OLDaily, by Stephen Downes

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May 16, 2012

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Love Letter to Plywood
Tom Sachs, YouTube, May 16, 2012.

This short video, a tribute to plywood, is getting rave reviews. It's an educational video, but one that leaves one viewer "weeping in the building materials aisle at Home Depot." Me, I've spent a lot of time with plywood, and so I get that.

[Link] [Comment][Tags: Video]

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Research Sidebar in Google Docs
Alex Chitu, Google Operating System, May 16, 2012.

Microsoft recently introduced online research support in its office suite and Google has announced a similar service in its 'Research Sidebar'. This post from Google Operating System (not an official Google weblog) covers the basics. "The sidebar includes the top Google search results, image search results, facts, maps, reviews and famous quotes. Click the icon from the search box to restrict the results to images and quotes." My question is, do we really want pages and pages of 'hotel deals' listings in the sidebar of our Google documents?

[Link] [Comment][Tags: Microsoft, Research, Web Logs, Google]

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Educational Technology and Education Conferences, June to December 2012
Clayton R. Wright, Stephen's Web Document, May 16, 2012.

Clayton R. Wright has once again gifted the community with his massive listing of conferences. It can be downloaded here as an MS Word document. He writes, "The 27th version of the conference list provides over 1,000 events that may be of interest to educators. The rationale and format of the list is described (here). Readers are encouraged to cut and paste a selection of events for their colleagues. Through this process, they may discover professional development opportunities that may help them create a better educational environment for their learners. For example, the list comprises conferences such as "Using the Cloud for eLearning", "The World Open Educational Resources Congress", "Wikis and Open Collaboration", "Open Education", "Improving University Teaching", and "mLearning". Those seeking to improve the development and delivery of e-learning courses may find a few of the suggestions in this publication helpful. And, educators working in developing countries who seek to use open educational resources may want to refer (here)

[Link] [Comment][Tags: Online Learning, Newsletters]

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How the Professor Who Fooled Wikipedia Got Caught by Reddit
Yoni Appelbaum, The Atlantic, May 16, 2012.

Good story about T. Mills Kelly's course, Lying About the Past. The idea here is to engage students by having them create a fabricated hostory and attempt to fool a community with it. Their first attempt succeeded in planting a false Wikipedia article. But their efforts from the current year, including one that was undone on Reddit in a mere matter of minutes. What's really inteersting about the article is the anaysis of why Wikipedia was fooled and Reddit wasn't. "One answer lies in the structure of the Internet's various communities. Wikipedia has a weak community, but centralizes the exchange of information. It has a small number of extremely active editors, but participation is declining, and most users feel little ownership of the content." As Wikipedia editors gain more authority and nfluence, as they have over the last few years, the ability of the site to detect errors and falsehoods actually decreases. Of course - this Atlantic article may also be a deception. Who's to know?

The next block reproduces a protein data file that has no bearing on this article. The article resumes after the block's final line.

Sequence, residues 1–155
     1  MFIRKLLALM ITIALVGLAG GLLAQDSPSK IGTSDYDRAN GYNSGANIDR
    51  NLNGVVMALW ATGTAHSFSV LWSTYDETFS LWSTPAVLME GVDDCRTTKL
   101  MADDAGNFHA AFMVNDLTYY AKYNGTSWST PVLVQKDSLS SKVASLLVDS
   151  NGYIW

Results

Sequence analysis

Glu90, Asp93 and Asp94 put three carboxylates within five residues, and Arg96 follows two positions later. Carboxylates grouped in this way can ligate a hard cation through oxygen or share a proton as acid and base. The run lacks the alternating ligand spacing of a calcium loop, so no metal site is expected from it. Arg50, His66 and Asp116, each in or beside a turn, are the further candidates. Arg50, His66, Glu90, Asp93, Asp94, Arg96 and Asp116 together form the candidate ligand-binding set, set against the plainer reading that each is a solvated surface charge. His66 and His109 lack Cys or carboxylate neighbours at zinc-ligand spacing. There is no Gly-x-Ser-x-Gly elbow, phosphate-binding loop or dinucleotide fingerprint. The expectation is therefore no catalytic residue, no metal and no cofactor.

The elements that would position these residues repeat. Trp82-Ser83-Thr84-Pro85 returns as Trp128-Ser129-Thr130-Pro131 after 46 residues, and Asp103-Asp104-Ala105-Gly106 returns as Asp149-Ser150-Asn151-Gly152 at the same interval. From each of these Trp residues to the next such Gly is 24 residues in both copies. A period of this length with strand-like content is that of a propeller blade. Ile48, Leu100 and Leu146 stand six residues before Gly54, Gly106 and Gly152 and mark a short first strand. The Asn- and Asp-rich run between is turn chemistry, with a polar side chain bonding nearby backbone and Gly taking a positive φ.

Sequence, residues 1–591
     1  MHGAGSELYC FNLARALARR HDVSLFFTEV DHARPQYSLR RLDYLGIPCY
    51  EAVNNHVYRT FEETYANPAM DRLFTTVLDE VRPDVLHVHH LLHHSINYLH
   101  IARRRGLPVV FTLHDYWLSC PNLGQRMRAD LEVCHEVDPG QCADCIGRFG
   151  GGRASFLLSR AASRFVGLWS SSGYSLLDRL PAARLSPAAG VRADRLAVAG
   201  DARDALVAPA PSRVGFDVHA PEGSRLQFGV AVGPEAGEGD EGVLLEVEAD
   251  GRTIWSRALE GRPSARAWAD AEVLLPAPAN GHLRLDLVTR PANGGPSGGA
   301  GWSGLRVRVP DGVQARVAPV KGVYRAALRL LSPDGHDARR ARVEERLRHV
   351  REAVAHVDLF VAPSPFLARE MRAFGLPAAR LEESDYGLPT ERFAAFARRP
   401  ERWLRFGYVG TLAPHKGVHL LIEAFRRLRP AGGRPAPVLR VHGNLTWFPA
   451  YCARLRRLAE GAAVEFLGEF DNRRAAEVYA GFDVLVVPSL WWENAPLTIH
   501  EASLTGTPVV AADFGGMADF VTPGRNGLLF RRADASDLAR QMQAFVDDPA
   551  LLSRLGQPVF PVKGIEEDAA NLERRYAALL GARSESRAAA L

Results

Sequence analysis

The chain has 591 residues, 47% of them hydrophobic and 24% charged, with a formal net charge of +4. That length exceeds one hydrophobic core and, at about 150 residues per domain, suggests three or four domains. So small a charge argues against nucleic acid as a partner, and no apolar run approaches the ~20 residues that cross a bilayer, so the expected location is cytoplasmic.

[Link] [Comment][Tags: Wikipedia]

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Advancing Culturally-Aware Information Technology: Intercultural Agents and Cultural Signposts
Elaine Raybourn, ADL Newsletter, May 16, 2012.

Elaine Raybourn discusses early efforts to create a system that would place people in proximity according to their interests and activities. But in the development of such a system in ADL's Personal Assistant for Learning (PAL) she notes that such a system needs to be culturally aware and act as a mediating agent, 'introducing' people based on context (you may be interested in the U.S. procurement request for research on what are essentially personal learning environments). This would come in the form of "feedback from our interactions in virtual, digital, computer-mediated, or electronic settings." These are based on "footprints" left as we navotage the electronic environment and which are interpreted as subtle cues created and detected by cultrally aware interactive avatars.

[Link] [Comment][Tags: Interaction, Information, Online Learning]

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Copyright 2010 Stephen Downes Contact: stephen@downes.ca

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